For the first time ever, I put on a uniform and took part in a Remembrance Day parade today. This was not on account of a sudden urge to commemorate the 1914 centenary. The motive was more base: word is that next year I’ll be the one laying the wreath on behalf of the National Coastwatch Institution’s Exmouth station, so I thought I’d better find out how it’s done.
Being in the parade is a very different experience from that of a spectator. Even the civil organisations try and look disciplined as they march through the town and stand in the square. Embarrassingly we non-combatants were applauded by the spectators in the same way they applauded the ex-servicemen; but it would be equally awkward for the spectators to switch the applause on and off.
Not that I’m a devotee of these occasions, preferring the BBC edited highlights of the Whitehall ceremony. Indeed the last time I was physically present at one was in the mid-1980s at City Hall in Belfast. Then my function was to be handed a wreath by a government official and to hand it in turn to the Secretary of State for Northern Ireland so that he could lay it. The invariable Belfast cold was then dissipated by a retreat to the Lord Mayor’s parlour for a few drams.
That’s a digression. The only drams going at Exmouth were the ones you bought yourself in the pub afterwards, and since I was driving back home, that was a no-no.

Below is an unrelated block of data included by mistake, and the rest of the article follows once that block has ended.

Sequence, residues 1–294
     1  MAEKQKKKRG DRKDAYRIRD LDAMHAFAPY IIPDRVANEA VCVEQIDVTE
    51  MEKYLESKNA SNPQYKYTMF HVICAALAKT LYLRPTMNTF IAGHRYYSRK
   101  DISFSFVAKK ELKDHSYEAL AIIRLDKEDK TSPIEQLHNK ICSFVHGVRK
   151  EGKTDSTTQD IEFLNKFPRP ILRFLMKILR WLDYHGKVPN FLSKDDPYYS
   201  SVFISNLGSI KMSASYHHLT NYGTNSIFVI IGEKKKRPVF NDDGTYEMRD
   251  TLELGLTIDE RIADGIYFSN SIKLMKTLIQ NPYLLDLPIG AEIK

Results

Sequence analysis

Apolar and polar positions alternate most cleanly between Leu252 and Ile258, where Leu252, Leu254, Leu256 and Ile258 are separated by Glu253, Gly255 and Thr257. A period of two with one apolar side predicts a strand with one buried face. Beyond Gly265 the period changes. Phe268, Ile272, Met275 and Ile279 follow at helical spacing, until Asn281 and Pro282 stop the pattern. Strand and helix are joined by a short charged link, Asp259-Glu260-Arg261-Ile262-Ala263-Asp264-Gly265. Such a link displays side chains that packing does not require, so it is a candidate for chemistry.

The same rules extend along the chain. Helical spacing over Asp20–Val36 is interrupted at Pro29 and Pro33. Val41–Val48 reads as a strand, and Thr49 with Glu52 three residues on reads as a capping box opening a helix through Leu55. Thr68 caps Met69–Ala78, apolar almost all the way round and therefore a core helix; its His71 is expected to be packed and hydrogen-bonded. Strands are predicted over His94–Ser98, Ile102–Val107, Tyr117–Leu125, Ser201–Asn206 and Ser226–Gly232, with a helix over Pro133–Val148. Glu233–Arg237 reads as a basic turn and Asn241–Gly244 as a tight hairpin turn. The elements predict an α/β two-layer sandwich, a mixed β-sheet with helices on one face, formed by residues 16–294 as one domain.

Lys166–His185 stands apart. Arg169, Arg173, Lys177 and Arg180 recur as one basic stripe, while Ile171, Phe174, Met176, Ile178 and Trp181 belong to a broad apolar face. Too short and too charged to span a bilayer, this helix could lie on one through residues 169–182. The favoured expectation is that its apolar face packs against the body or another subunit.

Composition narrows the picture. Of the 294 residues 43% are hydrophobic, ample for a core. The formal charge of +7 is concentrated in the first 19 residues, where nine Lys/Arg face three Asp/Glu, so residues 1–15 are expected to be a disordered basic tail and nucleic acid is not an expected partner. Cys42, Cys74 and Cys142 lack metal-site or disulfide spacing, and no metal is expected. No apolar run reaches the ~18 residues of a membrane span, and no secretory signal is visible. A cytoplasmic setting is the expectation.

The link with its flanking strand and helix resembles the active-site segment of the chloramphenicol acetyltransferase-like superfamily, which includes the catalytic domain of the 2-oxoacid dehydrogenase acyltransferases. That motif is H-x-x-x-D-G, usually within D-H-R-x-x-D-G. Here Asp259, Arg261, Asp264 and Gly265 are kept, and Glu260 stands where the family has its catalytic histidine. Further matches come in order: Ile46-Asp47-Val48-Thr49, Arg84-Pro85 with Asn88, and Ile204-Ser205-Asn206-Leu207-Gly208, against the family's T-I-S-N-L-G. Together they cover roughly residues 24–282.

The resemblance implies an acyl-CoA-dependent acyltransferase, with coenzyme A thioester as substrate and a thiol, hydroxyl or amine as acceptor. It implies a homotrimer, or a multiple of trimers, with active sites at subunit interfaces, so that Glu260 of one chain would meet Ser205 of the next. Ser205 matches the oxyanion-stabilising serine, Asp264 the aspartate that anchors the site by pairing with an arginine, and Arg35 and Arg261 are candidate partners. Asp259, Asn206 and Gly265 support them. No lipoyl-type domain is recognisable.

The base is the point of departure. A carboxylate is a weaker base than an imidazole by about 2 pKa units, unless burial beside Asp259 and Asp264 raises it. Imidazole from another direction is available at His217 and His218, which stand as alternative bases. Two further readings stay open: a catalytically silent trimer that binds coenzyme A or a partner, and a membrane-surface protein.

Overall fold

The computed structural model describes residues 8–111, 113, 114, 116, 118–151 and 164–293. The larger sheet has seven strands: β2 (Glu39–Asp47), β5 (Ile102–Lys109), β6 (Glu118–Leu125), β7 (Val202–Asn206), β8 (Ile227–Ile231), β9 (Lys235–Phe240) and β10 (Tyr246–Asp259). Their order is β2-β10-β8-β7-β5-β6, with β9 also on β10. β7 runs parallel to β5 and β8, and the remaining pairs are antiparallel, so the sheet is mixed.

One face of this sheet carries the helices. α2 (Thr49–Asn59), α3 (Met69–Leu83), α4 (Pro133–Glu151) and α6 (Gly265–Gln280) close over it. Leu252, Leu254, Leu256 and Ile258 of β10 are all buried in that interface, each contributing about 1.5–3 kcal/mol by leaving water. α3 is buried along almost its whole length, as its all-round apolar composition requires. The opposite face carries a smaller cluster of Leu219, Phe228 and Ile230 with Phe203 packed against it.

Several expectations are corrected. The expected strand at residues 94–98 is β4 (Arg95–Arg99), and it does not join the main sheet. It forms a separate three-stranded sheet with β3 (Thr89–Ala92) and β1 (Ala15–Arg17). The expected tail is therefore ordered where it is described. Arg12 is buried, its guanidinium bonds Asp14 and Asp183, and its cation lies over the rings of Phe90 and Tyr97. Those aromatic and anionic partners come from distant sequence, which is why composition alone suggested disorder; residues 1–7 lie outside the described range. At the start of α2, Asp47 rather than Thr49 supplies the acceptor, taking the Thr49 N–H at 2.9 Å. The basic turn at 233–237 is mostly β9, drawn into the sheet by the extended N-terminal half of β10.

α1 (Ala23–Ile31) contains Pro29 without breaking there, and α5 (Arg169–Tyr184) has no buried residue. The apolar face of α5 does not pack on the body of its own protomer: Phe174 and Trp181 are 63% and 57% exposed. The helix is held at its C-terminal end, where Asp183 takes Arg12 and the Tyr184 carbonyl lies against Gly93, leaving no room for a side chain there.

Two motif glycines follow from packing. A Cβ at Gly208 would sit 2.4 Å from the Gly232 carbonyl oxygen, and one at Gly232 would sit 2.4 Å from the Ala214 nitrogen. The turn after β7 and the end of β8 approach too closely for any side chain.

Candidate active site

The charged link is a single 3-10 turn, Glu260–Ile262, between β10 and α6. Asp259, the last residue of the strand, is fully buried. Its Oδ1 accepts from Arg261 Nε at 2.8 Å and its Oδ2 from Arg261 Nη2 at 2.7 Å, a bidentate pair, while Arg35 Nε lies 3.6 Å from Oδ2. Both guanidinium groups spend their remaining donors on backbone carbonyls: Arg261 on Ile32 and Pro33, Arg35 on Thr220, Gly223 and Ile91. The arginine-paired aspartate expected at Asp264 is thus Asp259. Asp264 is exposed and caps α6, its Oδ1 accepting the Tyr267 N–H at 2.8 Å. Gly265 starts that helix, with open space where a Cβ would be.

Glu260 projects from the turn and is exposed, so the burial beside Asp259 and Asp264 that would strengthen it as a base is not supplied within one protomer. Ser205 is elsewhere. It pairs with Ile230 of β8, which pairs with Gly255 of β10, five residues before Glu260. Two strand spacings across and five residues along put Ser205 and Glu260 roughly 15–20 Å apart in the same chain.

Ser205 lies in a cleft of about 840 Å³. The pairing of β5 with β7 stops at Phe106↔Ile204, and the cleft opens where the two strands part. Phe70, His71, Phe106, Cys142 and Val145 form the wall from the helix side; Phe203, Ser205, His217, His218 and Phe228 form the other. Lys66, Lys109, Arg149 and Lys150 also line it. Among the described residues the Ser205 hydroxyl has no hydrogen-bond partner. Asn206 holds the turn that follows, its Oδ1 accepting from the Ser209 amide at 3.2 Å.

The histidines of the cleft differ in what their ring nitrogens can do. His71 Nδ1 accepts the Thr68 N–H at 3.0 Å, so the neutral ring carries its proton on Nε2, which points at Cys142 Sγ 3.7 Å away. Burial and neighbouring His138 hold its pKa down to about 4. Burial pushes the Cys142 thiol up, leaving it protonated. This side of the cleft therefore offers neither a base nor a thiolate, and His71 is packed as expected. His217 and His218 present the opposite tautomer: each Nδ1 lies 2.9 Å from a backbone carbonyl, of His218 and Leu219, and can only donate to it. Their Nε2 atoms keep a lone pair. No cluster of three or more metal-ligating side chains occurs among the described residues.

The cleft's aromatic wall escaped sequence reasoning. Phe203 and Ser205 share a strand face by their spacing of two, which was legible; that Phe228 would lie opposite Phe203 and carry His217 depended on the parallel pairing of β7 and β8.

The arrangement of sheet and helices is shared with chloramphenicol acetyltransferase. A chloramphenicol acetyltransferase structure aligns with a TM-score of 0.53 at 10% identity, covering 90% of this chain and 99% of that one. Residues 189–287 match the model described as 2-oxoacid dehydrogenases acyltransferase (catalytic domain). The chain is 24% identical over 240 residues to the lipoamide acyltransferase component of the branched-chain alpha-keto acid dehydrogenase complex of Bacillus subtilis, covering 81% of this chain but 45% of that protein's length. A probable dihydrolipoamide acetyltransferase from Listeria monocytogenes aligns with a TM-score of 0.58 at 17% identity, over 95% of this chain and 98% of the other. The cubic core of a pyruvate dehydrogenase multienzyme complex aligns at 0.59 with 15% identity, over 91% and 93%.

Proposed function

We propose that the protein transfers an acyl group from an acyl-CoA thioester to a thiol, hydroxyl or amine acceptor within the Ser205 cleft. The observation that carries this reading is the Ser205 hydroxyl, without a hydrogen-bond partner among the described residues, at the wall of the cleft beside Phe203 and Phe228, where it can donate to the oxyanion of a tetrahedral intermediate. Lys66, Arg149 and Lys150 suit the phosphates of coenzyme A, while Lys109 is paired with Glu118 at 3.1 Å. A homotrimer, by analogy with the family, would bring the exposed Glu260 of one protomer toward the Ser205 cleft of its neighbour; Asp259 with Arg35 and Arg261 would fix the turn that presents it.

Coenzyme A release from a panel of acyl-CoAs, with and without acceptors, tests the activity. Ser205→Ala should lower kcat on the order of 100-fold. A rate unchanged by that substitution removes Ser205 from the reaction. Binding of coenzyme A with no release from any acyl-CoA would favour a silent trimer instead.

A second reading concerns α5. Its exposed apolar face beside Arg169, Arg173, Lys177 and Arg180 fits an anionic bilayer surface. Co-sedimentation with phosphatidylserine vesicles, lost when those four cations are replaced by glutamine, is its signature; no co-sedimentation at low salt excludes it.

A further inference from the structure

Back to the parade, and the ceremony at the war memorial. Exmouth is only a couple of miles from the Royal Marine training centre at Lympstone Camp, so the town has a close relationship with the Marines. This was evident in the number of former Marines in the parade, and it’s difficult not to be moved by the sight of these men standing to attention and imagining what bravery they must have shown in battle. Because Remembrance ought to be about those who survived as well as those who perished.
And that’s where the traditional Royal British Legion ceremony format starts to look dated. If the survivors, not to mention the rest of the parade and the spectators, are at all representative of the population then less than 60% are nominally Christian – and I emphasise nominally – and over 65% never attend a church service . Yet what happens half way through the proceedings? Up pops a Church of England clergyman to force us to sing dreary hymns and pray to a god many of us don’t believe in.
This is of course the default format. But why should the agnostics, atheists and those of non-christian faiths suddenly be shut out of Remembrance? It’s our country as well, and those who fought for it are entitled to be respected and remembered at communal assemblies by us, as well as by the Anglican minority.
The National Secular Society has called on the government to end Anglican dominance of Remembrance ceremonies. Good luck to them, but until the Church of England is disestablished, I’m not holding my breath.